Merging with traffic also demands good driver judgment. Whether you are changing lanes on a highway or entering a highway from a ramp, you need enough space to move safely into the traffic stream. Entrance ramps for highways often have acceleration lanes. These lanes run beside main traffic lanes and should be long enough to allow you to accelerate to the speed of traffic before you enter the highway itself..

17 Merging Follow These Three Steps to Merge with Traffic from an Acceleration Lane 1. Look for an opening in traffic. check mirrors use turn signal check blindspot 2. Accelerate up to the speed of traffic. 3. Merge into the opening in traffic

18 Passing Passing is an important part of driving; if not done properly, passing can be a very dangerous or even fatal maneuver.

19 Passing 1. Look for signs and pavement markings that tell you when you can or cannot pass safely under normal driving conditions. (Examples of these can be found in Chapter 2.) 2. Look ahead carefully before you start to pass and check for any dangers in the passing area, such as driveways from which a vehicle could enter the roadway during your passing maneuver. 3. Look in your side and rearview mirrors and quickly check your blind spots to make sure there are no vehicles about to pass you when you start to pass. 4. Before passing, make sure the passing lane is clear and give the proper turn signal to show you are going to change lanes. Signal early enough so others will know your plans in advance. 5. After passing, signal your plan to return to your lane. 6. Before you move back into the lane, make sure you can see both headlights on the front of the vehicle you passed in your rearview mirror.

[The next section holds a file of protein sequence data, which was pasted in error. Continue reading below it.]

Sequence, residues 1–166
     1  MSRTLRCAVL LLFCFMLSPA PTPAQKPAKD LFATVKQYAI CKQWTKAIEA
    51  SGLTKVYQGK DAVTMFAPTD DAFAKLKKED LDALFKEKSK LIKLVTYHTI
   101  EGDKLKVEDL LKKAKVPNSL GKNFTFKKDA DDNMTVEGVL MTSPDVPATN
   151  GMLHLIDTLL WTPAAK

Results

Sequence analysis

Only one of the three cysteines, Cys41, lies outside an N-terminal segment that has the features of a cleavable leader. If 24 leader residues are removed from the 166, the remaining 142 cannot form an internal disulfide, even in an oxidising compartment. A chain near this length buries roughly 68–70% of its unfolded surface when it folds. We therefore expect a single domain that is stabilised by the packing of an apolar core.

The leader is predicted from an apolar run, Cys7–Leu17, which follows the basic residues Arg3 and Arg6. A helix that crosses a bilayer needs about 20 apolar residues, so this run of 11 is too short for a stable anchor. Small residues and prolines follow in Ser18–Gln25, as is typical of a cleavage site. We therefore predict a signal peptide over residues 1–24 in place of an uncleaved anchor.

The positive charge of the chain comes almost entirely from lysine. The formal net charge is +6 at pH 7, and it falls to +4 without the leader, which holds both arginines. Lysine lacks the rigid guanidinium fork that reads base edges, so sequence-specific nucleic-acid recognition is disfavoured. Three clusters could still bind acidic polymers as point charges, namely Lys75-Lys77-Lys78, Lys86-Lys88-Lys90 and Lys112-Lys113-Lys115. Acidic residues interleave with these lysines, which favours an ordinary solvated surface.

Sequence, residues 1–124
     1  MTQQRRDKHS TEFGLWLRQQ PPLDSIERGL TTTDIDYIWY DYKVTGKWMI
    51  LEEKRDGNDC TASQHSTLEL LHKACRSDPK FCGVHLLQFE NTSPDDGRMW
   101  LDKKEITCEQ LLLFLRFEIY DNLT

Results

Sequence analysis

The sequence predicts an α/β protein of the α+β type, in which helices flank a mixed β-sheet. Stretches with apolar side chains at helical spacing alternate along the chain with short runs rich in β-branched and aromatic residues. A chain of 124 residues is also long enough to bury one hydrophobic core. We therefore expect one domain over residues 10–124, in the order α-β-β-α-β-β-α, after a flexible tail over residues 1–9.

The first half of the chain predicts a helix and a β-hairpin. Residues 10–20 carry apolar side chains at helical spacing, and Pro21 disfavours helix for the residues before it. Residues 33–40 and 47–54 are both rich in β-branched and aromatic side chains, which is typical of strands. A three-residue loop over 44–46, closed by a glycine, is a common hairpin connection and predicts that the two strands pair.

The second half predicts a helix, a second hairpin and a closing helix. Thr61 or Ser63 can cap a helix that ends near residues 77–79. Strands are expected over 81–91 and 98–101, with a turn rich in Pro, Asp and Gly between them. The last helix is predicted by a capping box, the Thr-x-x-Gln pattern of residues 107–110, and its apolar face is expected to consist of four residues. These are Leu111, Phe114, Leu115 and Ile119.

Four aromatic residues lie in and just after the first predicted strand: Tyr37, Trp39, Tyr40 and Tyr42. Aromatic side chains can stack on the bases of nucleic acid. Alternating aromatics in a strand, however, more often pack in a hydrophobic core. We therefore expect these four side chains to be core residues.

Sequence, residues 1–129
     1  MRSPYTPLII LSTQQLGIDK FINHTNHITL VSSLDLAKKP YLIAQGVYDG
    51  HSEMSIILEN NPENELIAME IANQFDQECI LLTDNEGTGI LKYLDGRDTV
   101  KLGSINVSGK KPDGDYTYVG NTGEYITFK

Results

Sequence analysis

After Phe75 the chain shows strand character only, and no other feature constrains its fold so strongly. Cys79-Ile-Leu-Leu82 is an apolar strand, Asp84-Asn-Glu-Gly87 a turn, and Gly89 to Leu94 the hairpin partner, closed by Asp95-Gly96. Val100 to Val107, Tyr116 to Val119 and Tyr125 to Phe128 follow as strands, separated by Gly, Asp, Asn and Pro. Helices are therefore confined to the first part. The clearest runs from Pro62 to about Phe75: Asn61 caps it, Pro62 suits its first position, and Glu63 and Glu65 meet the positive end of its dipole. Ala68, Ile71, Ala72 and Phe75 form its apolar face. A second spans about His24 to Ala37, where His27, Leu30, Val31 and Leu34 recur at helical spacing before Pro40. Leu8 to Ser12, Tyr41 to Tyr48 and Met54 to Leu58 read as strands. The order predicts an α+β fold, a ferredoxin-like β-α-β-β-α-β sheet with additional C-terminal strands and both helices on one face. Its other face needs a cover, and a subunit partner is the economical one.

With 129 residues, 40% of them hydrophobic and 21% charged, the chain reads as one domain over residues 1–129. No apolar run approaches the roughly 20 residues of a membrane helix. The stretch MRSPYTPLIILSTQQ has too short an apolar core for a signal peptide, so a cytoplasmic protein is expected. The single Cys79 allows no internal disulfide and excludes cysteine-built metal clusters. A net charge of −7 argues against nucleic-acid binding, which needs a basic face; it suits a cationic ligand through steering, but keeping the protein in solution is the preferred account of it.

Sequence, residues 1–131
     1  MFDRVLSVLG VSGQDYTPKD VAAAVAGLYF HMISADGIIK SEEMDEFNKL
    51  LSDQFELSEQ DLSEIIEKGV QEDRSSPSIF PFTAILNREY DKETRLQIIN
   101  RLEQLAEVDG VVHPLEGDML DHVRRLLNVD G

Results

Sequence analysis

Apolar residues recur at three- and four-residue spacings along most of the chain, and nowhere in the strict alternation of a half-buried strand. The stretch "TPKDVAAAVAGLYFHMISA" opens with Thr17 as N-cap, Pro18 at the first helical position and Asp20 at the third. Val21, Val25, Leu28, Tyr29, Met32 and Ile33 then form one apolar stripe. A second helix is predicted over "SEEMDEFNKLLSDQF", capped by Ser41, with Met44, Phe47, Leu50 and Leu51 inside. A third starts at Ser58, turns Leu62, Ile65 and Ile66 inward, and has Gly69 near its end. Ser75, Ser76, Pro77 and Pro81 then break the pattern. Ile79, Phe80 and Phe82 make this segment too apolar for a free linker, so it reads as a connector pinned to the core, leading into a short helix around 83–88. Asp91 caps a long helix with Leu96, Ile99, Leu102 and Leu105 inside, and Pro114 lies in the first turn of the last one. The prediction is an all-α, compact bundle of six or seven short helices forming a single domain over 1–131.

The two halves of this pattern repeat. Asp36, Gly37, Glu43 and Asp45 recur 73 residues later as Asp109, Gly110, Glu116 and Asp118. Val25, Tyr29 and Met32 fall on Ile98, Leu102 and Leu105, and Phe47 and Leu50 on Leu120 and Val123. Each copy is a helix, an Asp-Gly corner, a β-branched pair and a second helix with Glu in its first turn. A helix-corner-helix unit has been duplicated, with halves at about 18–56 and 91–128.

TEEN CRASH FACT Intersections are places where teenage drivers have a high percentage of their crashes. In over one-third (1/3) of the crashes involving 16-yearold drivers in Pennsylvania, the teen driver was pulling out from a stop sign or turning left across traffic

1. Drivers must yield to pedestrians. 2. Drivers turning left must yield to oncoming vehicles going straight ahead. 3. Drivers entering a circular intersection (or roundabout) must yield the right-of-way to drivers already in the circle. 4. A vehicle entering a public highway from an alley, private road or driveway must wait until the main road is clear. 5. At a four-way stop, all vehicles must stop. The first vehicle to reach the intersection should move forward first. If two (2) vehicles reach the intersection at the same time, the driver on the left yields to the driver on the right. If facing one another both can proceed with caution, watching for possible turns.


23 Negotiating Curves TEEN CRASH FACT
The most frequent crash type for 16-year-old drivers in Pennsylvania is a single-vehicle, run-off-the-road crash. From 2007 to 2009, there were 2,969 crashes and 28 people killed.

Negotiating Curves HERE IS HOW YOU CAN SAFELY DRIVE THROUGH CURVES: 1. The sharper the curve, the more you need to reduce your speed. 3. Look for traffic coming from the opposite direction. A speeder could easily stray into your lane. 4. For guidance about how to steer your vehicle, scan ahead and look at the inside edge of the curve. If there are multiple curves, look at the inside edge of each curve as far ahead as you can see.

25 Negotiating Curves Physics of Speeding

26 Parking If the street you are on has a curb, park as close to it as you can, but no more than 12 inches away. If it has no curb, pull as far off of the roadway as possible

27 The End